Try Kakoune for a modern Vi | Enable Sysadmin – Red Hat

The Vi text editor has been around for a long time, has many fans and users, and ships with almost all available POSIX systems. To its credit, Vi hasn’t changed much, although it has managed to experience some major improvements (in fact, most Vi users actually use Vi-improved or Vim).

However, one of the best things about open source is how it can be adapted and iterated, so you might wonder what Vi would look like if it had been invented today. You can take a look at an alternate timeline with Kakoune, a modern editor similar to Vi that incorporates ideas from current editors as well as Vi and Vim.

Install Kakoune In

Fedora, you can install Kakoune from its repository:

$ sudo dnf kakoune

In Red Hat Enterprise Linux (RHEL), CentOS 7, and CentOS Stream, Kakoune is available in the EPEL project

. Using Kakoune Like Vi,


opens in a terminal window. The command to start it is kak, and you can start it with or without specifying a file to open.

This command opens the sample file.txt in Kakoune

or creates the file if it does not already exist

: $ kak example.txt

Modal editing

Kakoune has two modes: normal mode and insert mode. Its default state is normal mode, and it’s how you interact with Kakoune as an app, as if you’re using a mouse to interact with GUI apps. In Kakoune, all interaction happens with the keyboard, whether you’re moving the cursor up or down a line, removing a character (or a word or line), copying and pasting, and anything else you can do in a text editor other than enter text.

To enter insert mode, press i. In insert mode, write and edit text as you would in any other editor. Unlike Vi, Kakoune favors the modern keyboard, so keys like Home and End and all arrow keys are considered standard keys for common actions like moving at the beginning or end of a line. There is not much to learn about insertion mode. It inserts text, and it can also be in Gedit or Notepadqq.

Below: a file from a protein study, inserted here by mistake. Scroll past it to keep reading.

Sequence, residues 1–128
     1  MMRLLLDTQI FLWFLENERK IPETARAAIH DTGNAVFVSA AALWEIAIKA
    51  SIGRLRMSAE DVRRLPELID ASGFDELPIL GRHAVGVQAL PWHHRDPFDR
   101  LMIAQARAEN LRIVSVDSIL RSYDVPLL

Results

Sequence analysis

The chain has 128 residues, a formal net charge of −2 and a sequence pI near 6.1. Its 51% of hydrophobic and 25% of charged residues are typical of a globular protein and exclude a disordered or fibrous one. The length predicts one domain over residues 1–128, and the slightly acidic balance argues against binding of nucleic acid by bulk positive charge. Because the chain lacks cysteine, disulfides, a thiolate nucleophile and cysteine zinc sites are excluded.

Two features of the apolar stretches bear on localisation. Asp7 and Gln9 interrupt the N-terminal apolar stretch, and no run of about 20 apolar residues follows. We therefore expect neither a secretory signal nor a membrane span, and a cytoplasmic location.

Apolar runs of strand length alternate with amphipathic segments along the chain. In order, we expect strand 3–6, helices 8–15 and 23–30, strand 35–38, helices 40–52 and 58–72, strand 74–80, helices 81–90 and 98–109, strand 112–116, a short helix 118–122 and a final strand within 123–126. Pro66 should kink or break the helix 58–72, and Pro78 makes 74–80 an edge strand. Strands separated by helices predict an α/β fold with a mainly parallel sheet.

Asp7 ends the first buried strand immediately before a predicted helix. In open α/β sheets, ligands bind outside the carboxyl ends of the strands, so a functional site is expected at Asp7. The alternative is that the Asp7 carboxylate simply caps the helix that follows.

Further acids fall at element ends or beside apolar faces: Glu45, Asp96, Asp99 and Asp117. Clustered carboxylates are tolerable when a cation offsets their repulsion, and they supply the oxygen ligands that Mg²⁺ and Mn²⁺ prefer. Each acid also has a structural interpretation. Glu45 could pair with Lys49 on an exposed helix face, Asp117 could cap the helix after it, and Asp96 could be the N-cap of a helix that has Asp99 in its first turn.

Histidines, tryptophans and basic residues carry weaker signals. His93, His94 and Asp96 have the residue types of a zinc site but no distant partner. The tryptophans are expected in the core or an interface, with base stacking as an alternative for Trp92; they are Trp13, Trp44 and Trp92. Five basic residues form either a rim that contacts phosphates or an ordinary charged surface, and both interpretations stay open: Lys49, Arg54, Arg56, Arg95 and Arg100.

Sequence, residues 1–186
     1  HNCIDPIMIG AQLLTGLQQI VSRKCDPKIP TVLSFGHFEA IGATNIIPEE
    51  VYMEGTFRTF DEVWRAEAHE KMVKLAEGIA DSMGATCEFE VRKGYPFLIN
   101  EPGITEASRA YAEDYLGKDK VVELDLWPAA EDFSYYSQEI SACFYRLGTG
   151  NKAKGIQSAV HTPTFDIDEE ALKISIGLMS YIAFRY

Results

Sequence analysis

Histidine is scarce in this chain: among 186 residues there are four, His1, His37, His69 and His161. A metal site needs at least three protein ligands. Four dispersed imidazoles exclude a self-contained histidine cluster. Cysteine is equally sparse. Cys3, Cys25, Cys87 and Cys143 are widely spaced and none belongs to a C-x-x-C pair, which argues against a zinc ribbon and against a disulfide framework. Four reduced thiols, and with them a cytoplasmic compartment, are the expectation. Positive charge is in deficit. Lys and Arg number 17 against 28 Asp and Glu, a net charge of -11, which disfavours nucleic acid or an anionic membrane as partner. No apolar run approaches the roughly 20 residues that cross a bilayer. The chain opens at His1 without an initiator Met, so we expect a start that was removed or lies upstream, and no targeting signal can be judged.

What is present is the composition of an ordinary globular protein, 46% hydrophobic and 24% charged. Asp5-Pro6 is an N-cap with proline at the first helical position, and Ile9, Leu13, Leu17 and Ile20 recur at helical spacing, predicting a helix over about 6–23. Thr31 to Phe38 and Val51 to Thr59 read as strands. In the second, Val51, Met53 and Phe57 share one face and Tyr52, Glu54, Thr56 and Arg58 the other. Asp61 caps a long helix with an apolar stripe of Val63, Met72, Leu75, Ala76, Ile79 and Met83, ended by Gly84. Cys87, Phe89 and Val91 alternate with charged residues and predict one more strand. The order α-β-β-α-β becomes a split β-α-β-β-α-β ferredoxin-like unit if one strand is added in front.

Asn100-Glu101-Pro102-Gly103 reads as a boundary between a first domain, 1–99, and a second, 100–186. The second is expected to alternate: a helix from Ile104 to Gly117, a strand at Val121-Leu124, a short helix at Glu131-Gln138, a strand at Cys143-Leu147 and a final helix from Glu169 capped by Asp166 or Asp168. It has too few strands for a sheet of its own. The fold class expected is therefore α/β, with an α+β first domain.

Kakoune text selection always has some text actively selected, even when it is only one character wide (in which case the cursor is also your selection). Certain navigation tasks, such as jumping to the beginning or end of a word, involve greater selection.

By combining common navigation with selection, Kakoune is usually one step ahead of you. Consider this: when you jump forward a word, you may simply be jumping forward a word, in which case a selection is not important. However, sometimes when you jump forward a word, it’s because you need to select that word so you can copy or delete it. In those cases, Kakoune saves you the trouble of selecting an object because the navigation method has already done so.

Kakoune calls the two edges of a section the cursor and the anchor.

[ Keep common tasks in mind with this handy Linux command cheat sheet. ]


Kakoune clip wizard presents an anthropomorphic clip as an editing assistant. When you issue commands in Kakoune, your clip wizard appears and tells you all the possible endings for the command you typed.

Seth Kenlon (CC BY-SA 4.0)

If you’ve had any previous negative experience with clip assistants, don’t worry. Kakoune’s clip is actually very useful and dynamic. It’s a pop-up alert that disappears once your command is unique or complete enough.



Unlike insert mode, normal mode has many keyboard shortcuts and commands to learn. You can learn them all or just the essentials. They’re specifically designed to allow you to do more with fewer keystrokes, so don’t be surprised if you cut a few microseconds off the time it usually takes you to adjust a configuration file with Kakoune.

  • ESC modes
  • : normal mode i: insert

  • mode I (which \’s to uppercase i): insert
  • text at the beginning of the current line A: add text

  • after the cursor A: add text
  • to the end of the current line
  • Navigation

Normal mode navigation can occur in the start row of your QWERTY keyboard:

  • h o
  • left arrow: left cursor j or down arrow: down cursor (

  • j trivially looks like a down arrow) k or up arrow: up cursor l (
  • which \’s a lowercase L) or right arrow: right cursor b: cursor at the beginning of the current word, anchor at the end e
  • : cursor at the end of the current word, anchor at the beginning

  • Start
  • : go to the beginning of a line End: go to the end of a line gg: go to the first line of the file Gk: cursor to the first line of the file, anchor at the end

  • Ge: cursor to the last line of the file

  • , anchor to the beginning 7g: go to line 7 of the file

Copy and paste

  • y: copy (“yank”) selection
  • p: paste


w: select

  • word x: select
  • line


  • u: undo


:w: save :

  • wq or :ZZ: save and quit
  • :

  • q!: force close without saving

Try Kakoune Kakoune

is an interesting and progressive version of a classic text editor. It’s different from Vim, particularly in how it treats navigation essentially the same as selection and in many of its keyboard shortcuts. However, if you’re a Vim fan looking for something new to try, you should consider Kakoune.